Al-Ahram Weekly Online   2 - 8 August 2012
Issue No. 1109
Opinion
 
Published in Cairo by AL-AHRAM established in 1875

A 1952 replay?

Will the honeymoon between Washington and Egypt's new Islamist leaders end in bitter recrimination, as did US-Egypt relations following the 1952 Revolution, asks El-Sayed Amin Shalabi

The US has apparently shifted its position on political Islam and its currents. Following decades of scepticism, even paranoia, US officials now seem to be completely at ease with the Islamists who are now in power. No longer viewed in Washington as an imminent threat to US policy in the region, Islamists are being treated, at least for now, as potential partners.

Washington has been monitoring the rise of the Islamists since 2005, when they won 88 seats in the Egyptian parliament. US officials have held meetings with Muslim Brotherhood members and remained familiar with their views. Of course, the interest was motivated by the bitter memories of the Iranian revolution, when the Americans failed to anticipate it and totally underestimated the vehemence of its ideology.

It all boils down to pragmatism. The Americans hedged their bets on the 25 January Revolution as far as they could, and when it was completely clear that the revolution was unstoppable they demanded Hosni Mubarak's resignation. The same happened after the revolution, for as soon as the Islamists emerged as the dominant force, the Americans didn't think twice about which side to take.

No matter what the Americans believe in, or pretend to believe in, when it comes to foreign policy, they will play it safe. This is why US officials had little trouble accepting the new reality that catapulted Islamists to power in Egypt. The fact that Egypt's liberals are divided and weak was factored into the new US political thinking.

American politicians and top brass have been coming to Egypt quite frequently since the revolution. And Hillary Clinton's audience with President Mohamed Mursi was symptomatic of the interest Washington is taking in Egyptian politics. The Americans are especially interested in the position of the new regime on the peace treaty with Israel. And it seems from the way Secretary Clinton reacted to her meeting with Mursi that she has heard some reassurances in this regard. Clinton, who went immediately to Israel afterward, may have relayed the comforting news to the Israelis.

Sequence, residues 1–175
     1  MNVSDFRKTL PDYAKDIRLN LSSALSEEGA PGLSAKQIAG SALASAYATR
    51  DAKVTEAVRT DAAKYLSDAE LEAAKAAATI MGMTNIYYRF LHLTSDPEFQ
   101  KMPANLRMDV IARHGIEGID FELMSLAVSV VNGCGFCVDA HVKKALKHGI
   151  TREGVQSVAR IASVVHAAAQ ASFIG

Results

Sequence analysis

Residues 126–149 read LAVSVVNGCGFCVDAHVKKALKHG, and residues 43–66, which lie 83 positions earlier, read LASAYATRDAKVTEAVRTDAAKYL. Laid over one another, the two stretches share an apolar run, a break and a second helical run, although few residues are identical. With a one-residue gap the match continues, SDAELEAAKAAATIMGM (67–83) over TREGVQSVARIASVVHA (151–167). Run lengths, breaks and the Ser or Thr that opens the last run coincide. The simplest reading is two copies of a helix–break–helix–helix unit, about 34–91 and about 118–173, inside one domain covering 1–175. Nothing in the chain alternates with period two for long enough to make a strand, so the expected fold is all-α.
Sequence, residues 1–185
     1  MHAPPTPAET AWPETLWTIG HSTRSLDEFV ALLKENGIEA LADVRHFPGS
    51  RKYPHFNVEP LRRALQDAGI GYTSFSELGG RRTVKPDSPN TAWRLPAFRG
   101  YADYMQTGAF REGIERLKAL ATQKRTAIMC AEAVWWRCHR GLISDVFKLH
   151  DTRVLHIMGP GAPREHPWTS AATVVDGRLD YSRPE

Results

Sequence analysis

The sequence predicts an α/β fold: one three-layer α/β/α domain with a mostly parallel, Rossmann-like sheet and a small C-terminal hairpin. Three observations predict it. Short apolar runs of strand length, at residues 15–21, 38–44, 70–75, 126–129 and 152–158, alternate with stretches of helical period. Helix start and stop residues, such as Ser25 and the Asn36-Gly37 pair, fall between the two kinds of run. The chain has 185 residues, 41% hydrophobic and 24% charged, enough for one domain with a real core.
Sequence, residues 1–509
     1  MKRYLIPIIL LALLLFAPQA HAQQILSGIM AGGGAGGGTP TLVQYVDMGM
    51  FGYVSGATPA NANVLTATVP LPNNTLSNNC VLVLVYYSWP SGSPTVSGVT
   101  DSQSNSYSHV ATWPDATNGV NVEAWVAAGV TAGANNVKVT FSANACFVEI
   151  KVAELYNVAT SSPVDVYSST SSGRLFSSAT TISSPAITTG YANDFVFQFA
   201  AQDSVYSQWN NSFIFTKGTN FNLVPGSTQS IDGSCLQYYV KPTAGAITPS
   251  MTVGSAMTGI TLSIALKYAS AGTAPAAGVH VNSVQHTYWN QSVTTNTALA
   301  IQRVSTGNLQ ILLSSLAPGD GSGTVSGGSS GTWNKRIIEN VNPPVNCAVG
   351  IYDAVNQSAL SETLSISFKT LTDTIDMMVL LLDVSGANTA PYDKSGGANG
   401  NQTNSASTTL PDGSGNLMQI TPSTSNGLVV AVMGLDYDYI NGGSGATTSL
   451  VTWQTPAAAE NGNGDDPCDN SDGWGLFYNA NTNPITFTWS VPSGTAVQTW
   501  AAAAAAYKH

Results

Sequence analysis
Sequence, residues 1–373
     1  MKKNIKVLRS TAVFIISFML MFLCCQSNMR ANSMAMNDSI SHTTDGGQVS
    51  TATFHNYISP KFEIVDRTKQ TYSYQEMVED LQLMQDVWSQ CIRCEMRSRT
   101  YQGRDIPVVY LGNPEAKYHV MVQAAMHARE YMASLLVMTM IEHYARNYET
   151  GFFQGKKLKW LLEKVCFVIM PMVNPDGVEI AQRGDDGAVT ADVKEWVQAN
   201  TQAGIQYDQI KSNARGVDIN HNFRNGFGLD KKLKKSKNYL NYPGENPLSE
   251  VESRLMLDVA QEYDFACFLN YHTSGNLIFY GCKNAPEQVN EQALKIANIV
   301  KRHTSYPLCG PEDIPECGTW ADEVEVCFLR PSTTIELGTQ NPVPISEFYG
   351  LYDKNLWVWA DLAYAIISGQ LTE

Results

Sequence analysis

For now, the Americans and Egypt's new regime seem to be getting along just fine. But how long is this going to last?

The current interaction between the Americans and Islamists reminds me of 1952, when the Free Officers were the new kids on the block, and the Americans were hoping to win them over.

At the time, the Americans were busy "containing" the Soviet Union, an effort that involved getting the entire Middle East, if possible, on their side. So when the 1952 revolution broke out, the US was quick to forge close links with the new leaders. The Free Officers, in turn, were thrilled to have Washington on their side. Who else would keep the British off their backs?

For a while, US Ambassador Jefferson Caffery was the favourite diplomat in the circles of the Free Officers. And the latter were serious about buying US weapons and giving the High Dam contract to the Americans.

The honeymoon didn't last long. The Free Officers' brand of nationalism didn't quite sit well with American plans for the region, and Egypt started pulling back from the Americans. Initial friendship turned sour, and animosity was only a few years away.

Will history repeat itself?

Will the US be disappointed with the Islamists and vice versa? If the Islamists allow their doctrinal beliefs to influence their regional policies, conflict with the Americans would be hard to avoid. On issues such as Palestine and Iran, the Islamists of Egypt may not be able to see eye to eye with the Americans. The two may be able to keep their differences to a minimum for at least a while, but the chances for confrontation are too real to be ignored.

The writer is managing director of the Egyptian Council for Foreign Affairs.

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